Recent in Technology Transfer (page 6 of 6)
Aug 13, 2012
Researchers from universities in Spain and Italy have uncovered photoprotective properties in a strawberry extract.
Jul 24, 2012
Researchers from Stony Brook University have reported that compact fluorescent light (CFL) bulbs emit UVC and UVA radiation found to be damaging to human skin tissue in close proximity.
Jul 5, 2012
Researchers at Northwestern University have discovered a way to deliver gene regulation technology through topical moisturizers. Although the technology was initially investigated to treat melanoma, squamous cell carcinoma, psoriasis, diabetic wound healing and epidermolytic ichthyosis, it may also be used to treat wrinkles in aged skin.
Jun 11, 2012 | Rachel Grabenhofer
Researchers at University of California at Santa Cruz have taken a new approach for removing drug-resistant bacteria from wounds and skin infections: using light to trigger the controlled release of nitric oxide.
Mar 30, 2012 | Katie Anderson (Schaefer), Cosmetics & Toiletries magazine
While it may help to protect teeth from decay, fluoride at high levels also has been reported to irritate the gastrointestinal tract and some manufacturers have formulated products without it. However, toothpastes without fluoride are not providing any real benefit beyond cleansing, says Arman Sadeghpour, PhD, who, by chance, stumbled across another raw material that exhibits better anti-cavity efficacy than fluoride without adverse health effects.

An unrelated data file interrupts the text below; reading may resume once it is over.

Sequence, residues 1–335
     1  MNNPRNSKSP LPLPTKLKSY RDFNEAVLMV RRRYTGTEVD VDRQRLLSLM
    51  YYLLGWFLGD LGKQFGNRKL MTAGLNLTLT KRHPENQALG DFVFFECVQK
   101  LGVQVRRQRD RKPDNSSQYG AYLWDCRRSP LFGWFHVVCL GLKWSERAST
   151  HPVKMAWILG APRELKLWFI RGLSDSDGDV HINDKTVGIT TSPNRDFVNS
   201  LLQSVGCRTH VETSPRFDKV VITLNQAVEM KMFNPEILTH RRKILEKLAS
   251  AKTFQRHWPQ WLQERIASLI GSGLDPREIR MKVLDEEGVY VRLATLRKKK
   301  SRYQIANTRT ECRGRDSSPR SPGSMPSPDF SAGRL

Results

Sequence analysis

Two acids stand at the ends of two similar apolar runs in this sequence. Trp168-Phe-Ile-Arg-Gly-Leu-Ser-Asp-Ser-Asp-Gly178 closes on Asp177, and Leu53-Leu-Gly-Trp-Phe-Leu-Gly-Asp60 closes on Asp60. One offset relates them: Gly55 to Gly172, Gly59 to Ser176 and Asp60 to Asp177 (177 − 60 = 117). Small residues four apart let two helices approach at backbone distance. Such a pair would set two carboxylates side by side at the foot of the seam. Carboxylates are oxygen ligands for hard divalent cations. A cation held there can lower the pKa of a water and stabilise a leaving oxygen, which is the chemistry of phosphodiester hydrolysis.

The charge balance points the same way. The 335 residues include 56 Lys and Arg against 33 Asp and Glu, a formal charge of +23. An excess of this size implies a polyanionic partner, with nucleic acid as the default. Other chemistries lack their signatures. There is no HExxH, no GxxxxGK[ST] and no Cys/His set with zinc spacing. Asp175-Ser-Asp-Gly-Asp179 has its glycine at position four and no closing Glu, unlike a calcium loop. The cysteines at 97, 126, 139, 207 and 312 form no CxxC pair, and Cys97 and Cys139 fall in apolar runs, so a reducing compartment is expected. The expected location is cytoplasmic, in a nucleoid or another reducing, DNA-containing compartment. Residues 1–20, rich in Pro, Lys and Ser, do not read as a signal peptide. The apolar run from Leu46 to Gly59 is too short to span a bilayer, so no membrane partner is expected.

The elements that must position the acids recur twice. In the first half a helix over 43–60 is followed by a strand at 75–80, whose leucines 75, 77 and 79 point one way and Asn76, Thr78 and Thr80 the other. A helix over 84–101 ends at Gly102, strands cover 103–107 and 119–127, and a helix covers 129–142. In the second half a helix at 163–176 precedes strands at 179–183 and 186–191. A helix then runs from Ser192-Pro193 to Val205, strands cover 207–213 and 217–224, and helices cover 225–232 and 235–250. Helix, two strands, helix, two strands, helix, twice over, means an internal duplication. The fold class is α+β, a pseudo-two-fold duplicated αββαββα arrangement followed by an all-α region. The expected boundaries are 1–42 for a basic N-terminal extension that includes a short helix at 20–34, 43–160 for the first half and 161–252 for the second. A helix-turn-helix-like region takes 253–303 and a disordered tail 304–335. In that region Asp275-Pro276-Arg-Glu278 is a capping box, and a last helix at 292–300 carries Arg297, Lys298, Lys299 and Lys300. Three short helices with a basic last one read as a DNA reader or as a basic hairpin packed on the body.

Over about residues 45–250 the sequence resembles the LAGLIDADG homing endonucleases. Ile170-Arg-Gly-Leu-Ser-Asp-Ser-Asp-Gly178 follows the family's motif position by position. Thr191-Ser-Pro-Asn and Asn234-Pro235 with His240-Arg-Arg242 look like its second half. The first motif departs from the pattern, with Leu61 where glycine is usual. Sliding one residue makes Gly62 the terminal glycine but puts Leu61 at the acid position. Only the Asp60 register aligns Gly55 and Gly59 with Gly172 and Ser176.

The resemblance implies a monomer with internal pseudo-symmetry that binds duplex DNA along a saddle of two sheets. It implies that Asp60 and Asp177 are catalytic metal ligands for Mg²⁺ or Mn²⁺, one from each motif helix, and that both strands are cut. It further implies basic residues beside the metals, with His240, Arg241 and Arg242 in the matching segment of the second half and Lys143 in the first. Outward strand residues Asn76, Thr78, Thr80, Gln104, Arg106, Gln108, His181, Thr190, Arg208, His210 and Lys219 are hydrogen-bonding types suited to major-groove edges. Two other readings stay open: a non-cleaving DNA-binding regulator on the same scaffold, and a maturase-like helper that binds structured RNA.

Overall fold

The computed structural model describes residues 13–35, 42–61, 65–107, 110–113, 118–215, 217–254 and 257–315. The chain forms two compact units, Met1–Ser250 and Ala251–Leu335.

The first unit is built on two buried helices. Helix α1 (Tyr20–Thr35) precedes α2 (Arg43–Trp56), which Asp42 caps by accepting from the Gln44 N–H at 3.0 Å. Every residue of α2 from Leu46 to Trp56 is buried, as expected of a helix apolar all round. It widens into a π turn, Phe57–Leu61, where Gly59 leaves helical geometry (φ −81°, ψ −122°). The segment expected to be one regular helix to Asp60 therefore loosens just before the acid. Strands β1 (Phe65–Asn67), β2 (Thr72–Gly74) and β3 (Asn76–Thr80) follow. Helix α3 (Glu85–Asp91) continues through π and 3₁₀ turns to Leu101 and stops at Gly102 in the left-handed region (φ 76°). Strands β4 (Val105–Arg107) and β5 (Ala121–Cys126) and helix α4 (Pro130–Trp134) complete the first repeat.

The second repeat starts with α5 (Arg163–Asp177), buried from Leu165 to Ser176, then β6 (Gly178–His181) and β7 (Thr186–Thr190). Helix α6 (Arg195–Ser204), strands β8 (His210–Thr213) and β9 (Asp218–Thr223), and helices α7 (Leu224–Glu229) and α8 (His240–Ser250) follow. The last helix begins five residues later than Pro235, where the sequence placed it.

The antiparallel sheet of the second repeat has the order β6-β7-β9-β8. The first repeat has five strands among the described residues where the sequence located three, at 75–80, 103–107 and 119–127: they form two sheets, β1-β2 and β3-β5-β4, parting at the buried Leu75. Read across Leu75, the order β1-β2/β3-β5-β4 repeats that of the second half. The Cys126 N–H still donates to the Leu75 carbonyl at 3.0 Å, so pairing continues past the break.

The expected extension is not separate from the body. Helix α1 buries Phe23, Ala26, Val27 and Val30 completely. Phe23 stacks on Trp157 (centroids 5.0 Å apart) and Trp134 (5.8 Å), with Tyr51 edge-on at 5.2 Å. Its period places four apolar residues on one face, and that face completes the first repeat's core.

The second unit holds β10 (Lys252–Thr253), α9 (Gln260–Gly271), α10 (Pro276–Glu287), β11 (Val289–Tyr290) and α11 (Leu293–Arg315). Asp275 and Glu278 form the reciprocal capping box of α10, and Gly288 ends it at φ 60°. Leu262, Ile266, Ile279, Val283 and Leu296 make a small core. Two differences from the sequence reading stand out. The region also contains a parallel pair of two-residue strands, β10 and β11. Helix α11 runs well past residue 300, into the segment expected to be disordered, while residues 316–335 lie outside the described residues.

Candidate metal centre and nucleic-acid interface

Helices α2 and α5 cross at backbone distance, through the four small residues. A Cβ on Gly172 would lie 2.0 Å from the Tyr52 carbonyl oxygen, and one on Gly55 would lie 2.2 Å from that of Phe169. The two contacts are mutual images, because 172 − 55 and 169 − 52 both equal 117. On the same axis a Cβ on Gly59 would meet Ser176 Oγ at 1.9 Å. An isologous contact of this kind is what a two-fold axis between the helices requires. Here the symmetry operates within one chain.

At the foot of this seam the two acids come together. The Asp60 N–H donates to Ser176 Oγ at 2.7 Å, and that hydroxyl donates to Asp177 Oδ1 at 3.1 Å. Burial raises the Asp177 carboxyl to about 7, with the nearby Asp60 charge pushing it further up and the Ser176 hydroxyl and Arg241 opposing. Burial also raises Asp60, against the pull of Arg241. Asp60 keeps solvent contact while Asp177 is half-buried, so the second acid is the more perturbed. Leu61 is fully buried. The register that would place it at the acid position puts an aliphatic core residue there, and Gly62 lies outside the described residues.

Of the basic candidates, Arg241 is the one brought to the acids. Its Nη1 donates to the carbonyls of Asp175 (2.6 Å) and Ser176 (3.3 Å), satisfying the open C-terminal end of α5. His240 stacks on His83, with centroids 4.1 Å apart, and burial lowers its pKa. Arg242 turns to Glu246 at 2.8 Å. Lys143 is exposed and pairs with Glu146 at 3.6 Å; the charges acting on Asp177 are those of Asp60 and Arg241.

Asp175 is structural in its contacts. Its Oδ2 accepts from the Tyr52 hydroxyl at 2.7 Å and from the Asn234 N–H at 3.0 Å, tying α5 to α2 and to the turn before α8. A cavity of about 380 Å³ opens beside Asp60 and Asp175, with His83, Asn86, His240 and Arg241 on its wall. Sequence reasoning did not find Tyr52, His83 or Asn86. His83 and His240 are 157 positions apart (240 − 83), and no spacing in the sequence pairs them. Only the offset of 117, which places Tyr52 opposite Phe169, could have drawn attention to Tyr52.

Mar 1, 2012 | Rachel L. Grabenhofer
At first, this cosmetics R&D trade journal editor felt like a fish out of water at the Informex USA specialty chemicals exhibition. However, some novel nibbles and a few big catches were made there for personal care R&D.
Dec 2, 2011 | Katie Anderson (Schaefer), Cosmetics & Toiletries magazine
Chun-Ming (Eric) Huang, PhD, and his team at the University of California, San Diego, have developed what they believe to be a vaccine for acne.
Oct 5, 2011 | Katie Anderson (Schaefer), Cosmetics & Toiletries magazine
Watermark Ink (W-Ink) utilizes chemical and optical properties of nanostructured materials to distinguish liquids based on surface tension. The nanostructured material is called an inverse opal, which is a layered glass structure with an internal network of ordered, interconnected air pores.
Sep 26, 2011
Scientists at the Rockefeller University have stumbled upon what they believe to be a better explanation of the ability of N,N-diethyl-meta-toluamid's (DEET) to repel insects from skin.